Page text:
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Zara owner Inditex reports slowdown in sales, weaker margin
INDITEX SA, the world's largest clothing retailer, reported a slowdown in sales and its weakest profitability in a decade, showing that the Zara operator isn't immune to the troubles ailing Swedish rival Hennes & Mauritz AB (H&M).
The gross margin narrowed to 56.3 per cent in the year through January amid adverse currency effects, Spain-based Inditex said on Wednesday in a statement. Like-for-like revenue gained 5 per cent in the second half, the slowest pace in three years.
For its online sales, the retailer which owns a stable of brands from upmarket label Massimo Dutti to home wares chain Zara Home, said that it did better than expected with a 7 per cent jump in annual net profit on Wednesday, dodging the negative headwinds plaguing its brick-and-mortar stores with double-digit growth in online sales.
The group reported net profit of 3.37 billion euros (S$5.5 billion), in line with analyst expectations, on revenue of 25.34 billion euros, also in line with analyst expectations for the financial year which runs from February to January.
This is the first time Inditex has broken out online sales.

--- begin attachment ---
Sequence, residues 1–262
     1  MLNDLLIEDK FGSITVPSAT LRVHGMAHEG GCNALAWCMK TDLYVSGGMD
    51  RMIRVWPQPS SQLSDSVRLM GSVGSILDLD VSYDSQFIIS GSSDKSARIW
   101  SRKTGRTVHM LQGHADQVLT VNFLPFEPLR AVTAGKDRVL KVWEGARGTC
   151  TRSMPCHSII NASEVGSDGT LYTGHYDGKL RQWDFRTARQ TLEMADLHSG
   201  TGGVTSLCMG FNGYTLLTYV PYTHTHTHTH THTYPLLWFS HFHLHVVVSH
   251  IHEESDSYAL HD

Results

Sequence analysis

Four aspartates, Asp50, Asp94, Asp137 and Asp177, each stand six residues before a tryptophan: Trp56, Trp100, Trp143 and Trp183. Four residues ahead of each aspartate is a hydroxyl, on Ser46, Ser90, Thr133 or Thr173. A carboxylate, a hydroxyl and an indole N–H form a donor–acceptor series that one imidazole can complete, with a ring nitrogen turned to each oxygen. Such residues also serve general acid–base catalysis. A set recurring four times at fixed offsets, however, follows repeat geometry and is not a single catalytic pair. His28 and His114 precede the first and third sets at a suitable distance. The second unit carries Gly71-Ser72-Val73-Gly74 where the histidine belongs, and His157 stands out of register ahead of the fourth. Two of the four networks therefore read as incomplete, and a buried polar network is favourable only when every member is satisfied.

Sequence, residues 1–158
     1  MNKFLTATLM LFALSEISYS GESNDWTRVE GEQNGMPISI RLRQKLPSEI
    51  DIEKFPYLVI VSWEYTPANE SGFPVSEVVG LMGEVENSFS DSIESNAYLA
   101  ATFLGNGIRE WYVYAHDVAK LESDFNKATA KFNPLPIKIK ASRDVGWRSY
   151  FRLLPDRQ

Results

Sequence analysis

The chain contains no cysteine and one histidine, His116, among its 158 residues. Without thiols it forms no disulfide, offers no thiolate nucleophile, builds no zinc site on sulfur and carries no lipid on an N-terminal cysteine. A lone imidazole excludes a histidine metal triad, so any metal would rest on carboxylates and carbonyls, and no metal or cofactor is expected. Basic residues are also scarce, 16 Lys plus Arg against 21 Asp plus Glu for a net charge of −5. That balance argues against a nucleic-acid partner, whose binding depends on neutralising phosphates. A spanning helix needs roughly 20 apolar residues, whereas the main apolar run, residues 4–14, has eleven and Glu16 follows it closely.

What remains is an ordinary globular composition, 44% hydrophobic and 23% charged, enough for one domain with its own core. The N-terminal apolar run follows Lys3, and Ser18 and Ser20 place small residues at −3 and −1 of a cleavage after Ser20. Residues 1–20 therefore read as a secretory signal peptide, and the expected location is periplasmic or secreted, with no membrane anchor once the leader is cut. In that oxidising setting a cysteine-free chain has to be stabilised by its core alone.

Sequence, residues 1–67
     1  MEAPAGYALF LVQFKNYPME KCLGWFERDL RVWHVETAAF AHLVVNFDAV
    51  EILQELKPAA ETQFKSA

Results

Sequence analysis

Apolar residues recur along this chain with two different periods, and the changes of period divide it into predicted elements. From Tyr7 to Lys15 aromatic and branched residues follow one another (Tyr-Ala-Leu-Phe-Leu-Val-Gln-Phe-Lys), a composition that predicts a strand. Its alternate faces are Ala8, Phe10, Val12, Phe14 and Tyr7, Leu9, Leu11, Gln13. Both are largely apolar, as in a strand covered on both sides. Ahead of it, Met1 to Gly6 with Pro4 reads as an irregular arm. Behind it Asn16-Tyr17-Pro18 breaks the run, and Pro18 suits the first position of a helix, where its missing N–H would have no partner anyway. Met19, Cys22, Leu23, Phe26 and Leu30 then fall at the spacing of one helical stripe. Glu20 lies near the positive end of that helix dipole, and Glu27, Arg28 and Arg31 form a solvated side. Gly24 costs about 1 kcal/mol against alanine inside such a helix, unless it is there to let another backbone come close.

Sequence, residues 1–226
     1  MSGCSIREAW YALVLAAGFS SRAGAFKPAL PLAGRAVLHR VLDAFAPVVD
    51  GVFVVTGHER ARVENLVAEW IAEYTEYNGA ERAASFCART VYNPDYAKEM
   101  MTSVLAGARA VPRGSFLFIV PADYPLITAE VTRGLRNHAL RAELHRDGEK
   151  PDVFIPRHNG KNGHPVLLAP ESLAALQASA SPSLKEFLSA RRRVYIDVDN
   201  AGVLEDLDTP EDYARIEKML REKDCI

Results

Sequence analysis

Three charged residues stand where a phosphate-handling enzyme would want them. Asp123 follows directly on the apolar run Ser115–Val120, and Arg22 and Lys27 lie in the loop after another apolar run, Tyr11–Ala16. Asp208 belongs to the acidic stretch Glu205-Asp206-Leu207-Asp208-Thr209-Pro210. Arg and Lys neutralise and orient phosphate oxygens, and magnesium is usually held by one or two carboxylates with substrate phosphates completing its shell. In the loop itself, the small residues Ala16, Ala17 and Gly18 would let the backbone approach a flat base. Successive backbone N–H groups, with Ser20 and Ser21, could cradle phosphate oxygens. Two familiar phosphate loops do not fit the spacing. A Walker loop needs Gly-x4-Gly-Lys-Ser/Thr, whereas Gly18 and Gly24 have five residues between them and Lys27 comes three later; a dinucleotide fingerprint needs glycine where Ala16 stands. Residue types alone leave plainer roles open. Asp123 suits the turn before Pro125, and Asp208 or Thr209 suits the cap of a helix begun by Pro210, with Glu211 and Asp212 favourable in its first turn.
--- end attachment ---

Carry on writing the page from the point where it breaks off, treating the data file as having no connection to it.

Unlike many fashion retailers struggling with competition from online vendors like Amazon, Inditex is holding up well as brands like Zara merge their high street presence with a slick online offering.
Large stores in prime shopping areas act as a showcase for clothing which can be bought there or ordered later online via the app or website. Online purchases can be picked up or returned in store.
Inditex's profitability is vulnerable to erosion from a strong European currency as the bulk of its costs are in euros and most of its revenue comes from non-euro countries, according to Societe Generale SA.
Inditex has also been spending more on remodelling stores and expanding its online business to head off competition from Amazon.com Inc. Poor weather conditions in Europe are also weighing on retail.
"The colder weather compared to the previous year across Europe had a negative impact, and Inditex will not be the only clothing retailer to have suffered," said Anne Critchlow, an analyst at Societe Generale.
The company is raising its dividend by 10 per cent, which increases its payout ratio to 69 per cent, according to Ms Critchlow.
Inditex's 81-year-old founder, Amancio Ortega, has dropped down to become the world's sixth-richest person as his fortune has declined, according to data compiled by Bloomberg. He was as high as second in August.
Inditex trades at around 22 times estimated 2018 earnings compared to around 15 times earnings for Swedish rival H&M and around 20 times earnings for Associated British Foods, owner of budget fashion brand Primark. REUTERS